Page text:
Francisco Lindor talking baseball makes us crave Opening Day even more

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We are reminded, again, how malleable spring training is. Pete Alonso hit another home run Tuesday afternoon in Port St. Lucie, Fla., his third of the exhibition season. His OPS is 1.492. If you’d like to look it up, you’ll note the all-time single-season leader in that category was Barry Bonds at the peak of his “powers,” 2004. His OPS was 1.422. Alonso probably won’t keep that up.

Jeff McNeil had a hit Tuesday afternoon, which is a good thing, because despite the care-free, surfer-dude look he’s been favoring all spring, he had lately started to look like a man in need of a king-sized dose of Maalox, 1-for-his-first-21. He’s now 2-for-22. He’s hitting .091. McNeil probably won’t stay that low.

Jacob deGrom … well, we are running out of adjectives. His 13-pitch first inning against the Astros on Tuesday consisted of 11 fastballs, all of which hit 99, 100 or 101 mph, and two strike-three sliders, both 94, that nearly sent a pair of hitters into traction. His spring line so far: nine innings, three hits, one run, one walk, 16 strikeouts.

(With deGrom, you never know. That might be for real)

We see in spring what we want to see in spring, and that brings us to Francisco Lindor, the Mets’ signature offseason acquisition, who has spent most of the spring as veterans are allowed to: working on specific aspects of his game, not much caring or paying attention what the scoreboard says he’s doing day to day.

So the .158 average he brought to Clover Park wasn’t exactly keeping Lindor up at night, and it surely wasn’t going to wipe the omnipresent smile off his face.

“I’m very comfortable,” Lindor said, smiling. “It’s spring training. Our engines are just starting to run.”

He was more so by day’s end, because even if you’re playing games that don’t count, it’s always a better day when the ball drops in front of someone or flies over a fence. Lindor had one of each Tuesday. After walking in the first, he drilled a single that fell in front of Houston center fielder Jose Siri in the third.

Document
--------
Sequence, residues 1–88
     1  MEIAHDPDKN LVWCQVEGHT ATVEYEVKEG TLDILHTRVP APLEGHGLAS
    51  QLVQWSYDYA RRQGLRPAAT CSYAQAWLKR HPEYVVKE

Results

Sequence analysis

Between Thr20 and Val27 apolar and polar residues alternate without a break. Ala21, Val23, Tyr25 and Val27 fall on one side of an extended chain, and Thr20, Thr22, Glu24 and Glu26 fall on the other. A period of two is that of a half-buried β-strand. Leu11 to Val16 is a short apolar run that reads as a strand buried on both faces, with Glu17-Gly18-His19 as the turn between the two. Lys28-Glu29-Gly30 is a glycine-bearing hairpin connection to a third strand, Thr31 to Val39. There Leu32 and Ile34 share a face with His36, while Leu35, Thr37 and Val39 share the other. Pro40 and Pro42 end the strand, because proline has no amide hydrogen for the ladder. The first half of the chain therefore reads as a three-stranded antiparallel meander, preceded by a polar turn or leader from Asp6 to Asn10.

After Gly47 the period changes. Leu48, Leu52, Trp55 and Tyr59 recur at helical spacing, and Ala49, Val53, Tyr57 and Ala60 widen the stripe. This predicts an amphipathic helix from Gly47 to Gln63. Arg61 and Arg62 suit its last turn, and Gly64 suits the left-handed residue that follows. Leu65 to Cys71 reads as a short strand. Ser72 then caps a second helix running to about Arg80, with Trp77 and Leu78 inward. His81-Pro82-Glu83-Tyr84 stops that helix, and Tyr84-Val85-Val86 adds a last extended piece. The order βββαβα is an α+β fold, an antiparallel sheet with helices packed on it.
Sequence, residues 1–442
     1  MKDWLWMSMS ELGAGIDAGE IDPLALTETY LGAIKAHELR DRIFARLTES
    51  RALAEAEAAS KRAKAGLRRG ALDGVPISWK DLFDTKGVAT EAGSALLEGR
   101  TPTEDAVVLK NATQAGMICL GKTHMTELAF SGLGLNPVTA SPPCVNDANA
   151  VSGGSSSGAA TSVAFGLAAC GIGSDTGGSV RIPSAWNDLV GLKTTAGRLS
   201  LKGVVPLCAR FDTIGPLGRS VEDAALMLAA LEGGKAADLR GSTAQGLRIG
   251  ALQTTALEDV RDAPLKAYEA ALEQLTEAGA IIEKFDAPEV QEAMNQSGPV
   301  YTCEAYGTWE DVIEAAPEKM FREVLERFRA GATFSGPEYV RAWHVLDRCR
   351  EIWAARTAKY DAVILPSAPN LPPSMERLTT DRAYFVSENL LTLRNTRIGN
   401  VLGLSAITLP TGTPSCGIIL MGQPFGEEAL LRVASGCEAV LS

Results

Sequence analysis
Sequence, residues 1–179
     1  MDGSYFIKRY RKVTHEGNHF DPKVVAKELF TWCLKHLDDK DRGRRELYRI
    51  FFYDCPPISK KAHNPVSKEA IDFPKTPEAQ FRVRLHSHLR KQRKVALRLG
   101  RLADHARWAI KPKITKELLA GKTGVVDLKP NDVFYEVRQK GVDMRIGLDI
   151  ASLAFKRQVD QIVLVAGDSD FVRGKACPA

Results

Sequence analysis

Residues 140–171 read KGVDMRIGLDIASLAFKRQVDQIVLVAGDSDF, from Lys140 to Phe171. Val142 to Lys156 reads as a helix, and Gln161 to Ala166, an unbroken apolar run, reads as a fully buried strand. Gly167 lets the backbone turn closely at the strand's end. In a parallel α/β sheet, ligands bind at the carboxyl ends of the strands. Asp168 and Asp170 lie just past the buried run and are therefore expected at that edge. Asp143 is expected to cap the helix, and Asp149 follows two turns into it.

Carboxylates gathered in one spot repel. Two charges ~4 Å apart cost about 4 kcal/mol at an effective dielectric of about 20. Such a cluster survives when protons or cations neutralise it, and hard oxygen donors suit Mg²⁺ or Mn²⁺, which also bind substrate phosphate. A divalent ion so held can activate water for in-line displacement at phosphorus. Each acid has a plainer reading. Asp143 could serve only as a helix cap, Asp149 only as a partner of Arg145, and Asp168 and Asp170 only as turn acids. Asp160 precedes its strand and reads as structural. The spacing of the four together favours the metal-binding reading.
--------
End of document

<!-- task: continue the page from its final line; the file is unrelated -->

And in the sixth, Lindor jumped on an 89 mph fastball at the knees from Jairo Solis and yanked it onto the grassy knoll far beyond the right-field fence.

“It felt great to be able to pull the baseball the correct way,” Lindor said after the Mets’ 8-3 win over the Astros was complete. “It was a pitch that was supposed to be pulled, and I did that.”

It was part of an encouraging 10-hit Mets’ offensive output on the day, Lindor joining Alonso and Dominic Smith in leaving the yard, deGrom no doubt wondering if it’s possible to bank a few of those March runs for May and July.

“We have good hitters, young hitters who continue to evolve, continue to get better,” Lindor said. “I’m very excited for what the year has ahead of us, looking forward to being a part of something good that they have here.”

Power has been a linchpin of Lindor’s game, and he hit 103 home runs in the three full seasons before pandemic-shortened 2020. Coupled with his defense and speed, it helped make him one of baseball’s unique talents in Cleveland, and made him so attractive to the Mets as they attempted to bolster their lineup this winter.

But it’s a skill set Lindor said he only developed out of necessity.

“That was where the game was heading to,” he said. “I adjusted to what the game was moving toward.”

He prefers a different path.

“My game has never been being a power hitter,” he said. “I’m more gap-to-gap, putting the ball in play, be on base for the guys and score 100 or more runs.”

He smiled, of course.

“I love me some defense,” he said. “I love making some plays. I value that.”

He is an old-school player with an old soul, one who admires players he watched when he was a kid, and players from before he was born whom he’s heard about. He says it was a “better-rounded” game then.

“It was a better-played game then,” he said.

It is impossible not to tag along for the ride when he starts talking ball, and easy to wonder just what he’ll bring to the Mets this year. Spring is fun, but we’re so close to the real stuff that it’s getting to be time to look ahead. Sixteen days till Opening Day. Oh yeah.

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